The Socialist 24 - 30 Nov 2005

Review: The Constant Gardener

Directed by Fernando Mereilles and adapted from the novel by John Le Carré John Le Carré's novel The Constant Gardener is a devastating attack on the role of the pharmaceutical multinational companies and their ruthless cynical exploitation of Africa. Like his more recent book, Absolute Friends, it reveals a Le Carré who has become increasingly enraged by the excesses of capitalism during the 1990s, especially the Iraq war.

Tony Saunois

Both these novels are by far the best works he has produced since the collapse of the Stalinist regimes in the former USSR and Eastern Europe - which were the background to his excellent thrillers about the secret services and such celebrated characters as George Smiley in Tinker, Taylor, Soldier, Spy.

The film, The Constant Gardener, directed by Fernando Meirelles, is in marked contrast to his previous work, City of God. However, it does only credit to the novel and is a powerful depiction of the real role of the major drug companies.

The story is of a plot to expose the Three Bs and KHC drug companies. A major TB epidemic is anticipated and a new miracle cure, Dypraxa, stands to make these companies billions of pounds once the epidemic hits. However, the drug needs to be tested. A delay of three years to allow for modifications to the drug would cost too much. So the drugs are simply tested out on HIV positive Africans. The result is speedier death at the hands of Three Bs - a calculated mass murder. As one African doctor put it in the film: "This is how the world fucks Africa".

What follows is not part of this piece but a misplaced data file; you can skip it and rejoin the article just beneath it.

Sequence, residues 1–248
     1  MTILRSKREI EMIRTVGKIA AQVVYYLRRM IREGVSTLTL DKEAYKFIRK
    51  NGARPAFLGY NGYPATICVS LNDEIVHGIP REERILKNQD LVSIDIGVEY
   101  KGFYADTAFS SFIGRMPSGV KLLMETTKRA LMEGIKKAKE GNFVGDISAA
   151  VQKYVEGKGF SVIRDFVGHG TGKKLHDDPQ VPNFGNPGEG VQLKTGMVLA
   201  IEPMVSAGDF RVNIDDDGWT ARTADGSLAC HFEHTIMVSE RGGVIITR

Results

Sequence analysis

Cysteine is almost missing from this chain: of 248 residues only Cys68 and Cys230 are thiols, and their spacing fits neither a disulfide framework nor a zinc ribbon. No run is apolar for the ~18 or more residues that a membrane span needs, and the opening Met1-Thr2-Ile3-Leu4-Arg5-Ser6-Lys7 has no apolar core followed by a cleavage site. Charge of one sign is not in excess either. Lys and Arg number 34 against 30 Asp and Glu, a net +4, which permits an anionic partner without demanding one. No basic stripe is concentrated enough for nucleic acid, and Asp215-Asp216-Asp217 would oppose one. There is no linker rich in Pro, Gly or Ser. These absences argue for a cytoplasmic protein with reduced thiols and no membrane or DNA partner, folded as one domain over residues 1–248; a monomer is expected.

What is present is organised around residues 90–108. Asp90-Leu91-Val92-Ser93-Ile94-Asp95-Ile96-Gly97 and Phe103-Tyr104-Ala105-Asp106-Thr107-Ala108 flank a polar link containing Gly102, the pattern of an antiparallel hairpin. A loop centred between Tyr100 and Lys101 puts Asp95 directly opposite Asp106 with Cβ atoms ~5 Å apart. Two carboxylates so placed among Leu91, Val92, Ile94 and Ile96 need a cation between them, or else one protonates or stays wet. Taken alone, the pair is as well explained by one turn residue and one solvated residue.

The central plot deals with the exposure of the scandal by Tessa Quayle (played by Rachael Weisz) and her diplomat husband, Justin (played by Ralph Fiennes) who works for the Foreign Office at the High Commission in Kenya. She is determined to expose what is happening. He begins life as the 'fluffy', impeccable diplomat unaware of what his wife is up to. They meet at a conference early in the film, where she makes an impassioned attack on the Iraq war.

Her murder, along with that of Arnold, an African doctor, shatters Justin's world and exposes him to the brutal ruthlessness of the pharmaceutical giants and their drive for profit. The official version put to Justin is that Tessa and Arnold were having an affair and were murdered when away for a weekend. However, he becomes aware that in fact Arnold was gay and his suspicion is aroused. Justin is driven to unearth the murder and cover-up which involves the drug companies, the Kenyan government and the British state.
br> Sir Bernard Pellegrin, of the Foreign and Commonwealth office, played by Bill Nighy, gives a masterly portrayal of a representative of the English ruling class. The understatement of language and impeccable politeness is a velvet glove that covers a cold steel fist that is used to defend class and 'national' interests.

The film is not without its humour as Tessa embarrasses assorted diplomats and government officials at official receptions and parties. But its central theme is the drive for profit by the drug companies. "They are no better than the arms industry", complains Ghita, one of Tessa's friends.
br> The film differs from the book in some ways. Justin's detective work is shortened, as is his travel. The film is seen more through the eyes of Kenya than the British diplomatic service.

However, Mierelles has directed a powerful film which although providing no solutions, firmly puts the drug companies and the British diplomatic service in the dock and is well worth going to see.
br> The actors succeed in bringing Le Carré's characters to life. The filming, on location in Kenya, reveals some spectacular shots. If anybody thinks that the story is a bit far-fetched, they could consider John Le Carré's comments about his novel: "As my journey through the pharmaceutical jungle progressed, I came to realise that, by comparison with the reality, my story was as tame as a holiday postcard".

The Constant Gardener by John Le Carré
Hodder and Stoughton £7.99
Available from Socialist Books
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